Presentation of the French Education System > The Main Principles
The French Education System is based on important principles, some of which were inspired by the French Revolution in 1789, from laws voted between 1881 and 1889 under the 4th and 5th Republics, as well as the Constitution of the 4th October 1958 entitled "The organisation of free secular compulsory public education at all levels is a state obligation."
Freedom of teaching
In France, public education coexists with private organisation, is under the control of the state and eligible for state grants – in return for a contract made with the state. The freedom of organising and delivering education is a demonstration of the freedom of expression. However, the state is the only body authorised to deliver certificates and university grades: qualifications delivered by private schools are not officially recognised unless they are authorised by the state. Exam regulations are set on a national level.
The principle of free public education at a primary school level was introduced at the end of the 19th century with the law of 16th June 1881. Free education was extended to secondary level with the law of 31st May 1933. Education delivered in schools and public institutions is free of charge. School books are provided for free up until troisième class (Year 9), along with classroom equipment and stationery for use in class. At upper secondary level, textbooks are usually paid for by families.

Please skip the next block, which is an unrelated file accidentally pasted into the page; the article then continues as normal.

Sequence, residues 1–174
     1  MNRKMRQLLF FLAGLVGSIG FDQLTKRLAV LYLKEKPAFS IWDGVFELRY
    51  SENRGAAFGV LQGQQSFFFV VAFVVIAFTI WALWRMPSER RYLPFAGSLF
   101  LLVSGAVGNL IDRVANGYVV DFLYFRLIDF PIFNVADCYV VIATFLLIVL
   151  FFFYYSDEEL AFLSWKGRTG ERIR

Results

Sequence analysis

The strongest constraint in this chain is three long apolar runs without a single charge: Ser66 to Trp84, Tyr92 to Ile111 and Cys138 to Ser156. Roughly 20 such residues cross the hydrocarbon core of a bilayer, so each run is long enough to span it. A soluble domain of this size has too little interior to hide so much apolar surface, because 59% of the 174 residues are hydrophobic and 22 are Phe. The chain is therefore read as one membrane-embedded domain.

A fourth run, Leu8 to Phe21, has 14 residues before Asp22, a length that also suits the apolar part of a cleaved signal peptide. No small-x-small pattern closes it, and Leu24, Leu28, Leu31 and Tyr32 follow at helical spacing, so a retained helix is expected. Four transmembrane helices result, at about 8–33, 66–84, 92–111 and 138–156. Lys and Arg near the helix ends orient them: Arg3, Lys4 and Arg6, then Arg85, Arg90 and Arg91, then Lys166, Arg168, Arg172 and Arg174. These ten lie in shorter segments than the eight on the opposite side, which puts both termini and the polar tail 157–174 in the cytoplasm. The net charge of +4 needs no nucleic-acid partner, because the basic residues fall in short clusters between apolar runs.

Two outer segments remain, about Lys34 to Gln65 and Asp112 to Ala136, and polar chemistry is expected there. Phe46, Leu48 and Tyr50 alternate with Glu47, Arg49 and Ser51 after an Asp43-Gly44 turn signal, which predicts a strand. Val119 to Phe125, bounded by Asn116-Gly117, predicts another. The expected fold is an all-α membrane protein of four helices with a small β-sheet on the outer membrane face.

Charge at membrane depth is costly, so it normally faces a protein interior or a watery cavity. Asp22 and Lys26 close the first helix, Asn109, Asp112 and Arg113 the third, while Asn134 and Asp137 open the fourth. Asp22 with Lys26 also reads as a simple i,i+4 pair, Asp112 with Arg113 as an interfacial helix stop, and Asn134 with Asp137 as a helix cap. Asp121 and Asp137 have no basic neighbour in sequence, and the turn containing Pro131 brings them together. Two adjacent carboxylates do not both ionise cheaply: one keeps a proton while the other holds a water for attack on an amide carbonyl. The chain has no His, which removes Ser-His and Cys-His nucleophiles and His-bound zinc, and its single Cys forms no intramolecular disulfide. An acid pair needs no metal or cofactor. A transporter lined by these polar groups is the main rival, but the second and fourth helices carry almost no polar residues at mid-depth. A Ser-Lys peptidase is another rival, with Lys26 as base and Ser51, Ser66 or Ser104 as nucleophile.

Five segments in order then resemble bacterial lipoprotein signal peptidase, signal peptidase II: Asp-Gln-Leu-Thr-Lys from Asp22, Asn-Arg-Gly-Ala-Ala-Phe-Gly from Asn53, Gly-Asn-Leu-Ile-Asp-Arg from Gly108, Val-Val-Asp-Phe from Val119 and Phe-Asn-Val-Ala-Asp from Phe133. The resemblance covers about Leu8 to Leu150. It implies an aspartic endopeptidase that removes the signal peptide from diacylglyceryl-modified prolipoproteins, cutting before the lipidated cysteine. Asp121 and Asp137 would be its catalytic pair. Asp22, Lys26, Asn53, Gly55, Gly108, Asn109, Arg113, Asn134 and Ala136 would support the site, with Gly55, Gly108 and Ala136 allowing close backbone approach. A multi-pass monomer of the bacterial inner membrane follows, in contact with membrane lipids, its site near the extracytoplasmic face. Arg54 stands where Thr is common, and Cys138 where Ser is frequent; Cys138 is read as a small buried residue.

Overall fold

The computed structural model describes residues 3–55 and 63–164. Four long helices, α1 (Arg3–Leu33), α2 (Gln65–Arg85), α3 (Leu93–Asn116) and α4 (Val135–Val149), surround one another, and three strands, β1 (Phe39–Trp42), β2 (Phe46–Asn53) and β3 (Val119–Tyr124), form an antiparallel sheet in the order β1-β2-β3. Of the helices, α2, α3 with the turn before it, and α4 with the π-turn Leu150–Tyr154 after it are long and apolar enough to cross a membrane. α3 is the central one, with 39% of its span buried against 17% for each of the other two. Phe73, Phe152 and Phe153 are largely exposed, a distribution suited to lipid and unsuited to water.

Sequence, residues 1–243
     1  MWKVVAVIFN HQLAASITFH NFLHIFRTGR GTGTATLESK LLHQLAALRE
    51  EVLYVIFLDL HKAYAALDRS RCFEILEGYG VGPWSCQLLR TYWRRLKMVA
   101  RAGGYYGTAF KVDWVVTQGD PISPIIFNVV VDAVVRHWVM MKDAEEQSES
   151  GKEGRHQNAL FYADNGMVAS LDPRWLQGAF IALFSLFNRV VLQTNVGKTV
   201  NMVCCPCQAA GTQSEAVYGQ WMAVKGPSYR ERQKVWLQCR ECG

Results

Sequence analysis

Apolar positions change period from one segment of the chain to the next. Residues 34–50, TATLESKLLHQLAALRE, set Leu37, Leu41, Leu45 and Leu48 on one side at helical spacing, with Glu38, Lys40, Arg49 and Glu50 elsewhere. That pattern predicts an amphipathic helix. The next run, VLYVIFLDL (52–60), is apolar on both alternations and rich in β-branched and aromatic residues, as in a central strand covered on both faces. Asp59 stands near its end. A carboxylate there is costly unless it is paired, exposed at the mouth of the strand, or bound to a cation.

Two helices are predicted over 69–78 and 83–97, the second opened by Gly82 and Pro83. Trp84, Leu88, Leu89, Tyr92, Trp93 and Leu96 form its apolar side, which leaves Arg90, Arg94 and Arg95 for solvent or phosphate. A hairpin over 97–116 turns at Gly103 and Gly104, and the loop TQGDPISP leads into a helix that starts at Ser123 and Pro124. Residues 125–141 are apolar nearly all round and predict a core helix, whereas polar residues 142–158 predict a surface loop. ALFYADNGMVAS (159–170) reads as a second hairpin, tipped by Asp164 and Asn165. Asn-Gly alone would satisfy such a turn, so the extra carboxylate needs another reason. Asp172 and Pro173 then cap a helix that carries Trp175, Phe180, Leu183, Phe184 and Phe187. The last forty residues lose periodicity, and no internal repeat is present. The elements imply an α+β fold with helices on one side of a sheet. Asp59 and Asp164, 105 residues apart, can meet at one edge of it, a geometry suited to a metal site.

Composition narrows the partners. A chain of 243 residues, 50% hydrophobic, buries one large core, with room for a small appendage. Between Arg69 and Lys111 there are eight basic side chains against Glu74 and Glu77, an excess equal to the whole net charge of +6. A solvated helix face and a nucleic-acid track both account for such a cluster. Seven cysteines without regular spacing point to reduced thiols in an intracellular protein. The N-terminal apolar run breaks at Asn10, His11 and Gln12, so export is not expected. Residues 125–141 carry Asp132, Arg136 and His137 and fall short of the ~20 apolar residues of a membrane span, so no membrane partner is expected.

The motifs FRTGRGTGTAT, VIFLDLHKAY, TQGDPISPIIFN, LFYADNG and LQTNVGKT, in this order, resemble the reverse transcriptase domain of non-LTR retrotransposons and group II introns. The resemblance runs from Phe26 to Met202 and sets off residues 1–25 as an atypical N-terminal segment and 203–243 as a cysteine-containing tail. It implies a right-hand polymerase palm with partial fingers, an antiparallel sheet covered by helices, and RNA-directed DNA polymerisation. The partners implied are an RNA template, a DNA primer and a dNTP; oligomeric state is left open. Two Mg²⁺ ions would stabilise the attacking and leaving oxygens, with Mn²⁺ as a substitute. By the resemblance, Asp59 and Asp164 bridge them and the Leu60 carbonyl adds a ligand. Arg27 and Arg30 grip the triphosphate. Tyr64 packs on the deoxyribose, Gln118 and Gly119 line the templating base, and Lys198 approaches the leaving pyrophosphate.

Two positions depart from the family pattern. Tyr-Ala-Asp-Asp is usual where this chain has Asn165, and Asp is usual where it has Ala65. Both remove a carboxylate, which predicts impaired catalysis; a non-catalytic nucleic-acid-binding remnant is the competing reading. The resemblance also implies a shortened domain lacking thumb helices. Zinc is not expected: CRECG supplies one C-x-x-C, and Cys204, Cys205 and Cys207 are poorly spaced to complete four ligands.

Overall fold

* These principles of free education are available only for the public education system on the French territory.
Public education is neutral: teachers and students are bound by philosophical and political neutrality.
The principal of secularism has been the foundation of the French education system since the end of the 19th Century. Public education has been secular since the laws of 28th March 1882 and 30th October 1886. These laws introduced the obligation of education and the secularity of personnel and curricula. The importance of secularism in republican school values was further highlighted by the law of 9th December 1905 which introduced a secular state. Respecting the beliefs of students and their parents implies: absence of religious education in the curriculum, secular personnel, and a ban on proselytism.
Religious freedom led to introducing a free day per week thus leaving time for religious teaching outside of school.
Since the law Jules Ferry of 28th March 1882, education has been compulsory. This obligation applies from 6 years of age, for all French children or foreigners residing in France. Education is compulsory up to the age of 16.
Families have two possibilities: either they home school their children (after taking responsibility for their education) or they place their children in a public or private school.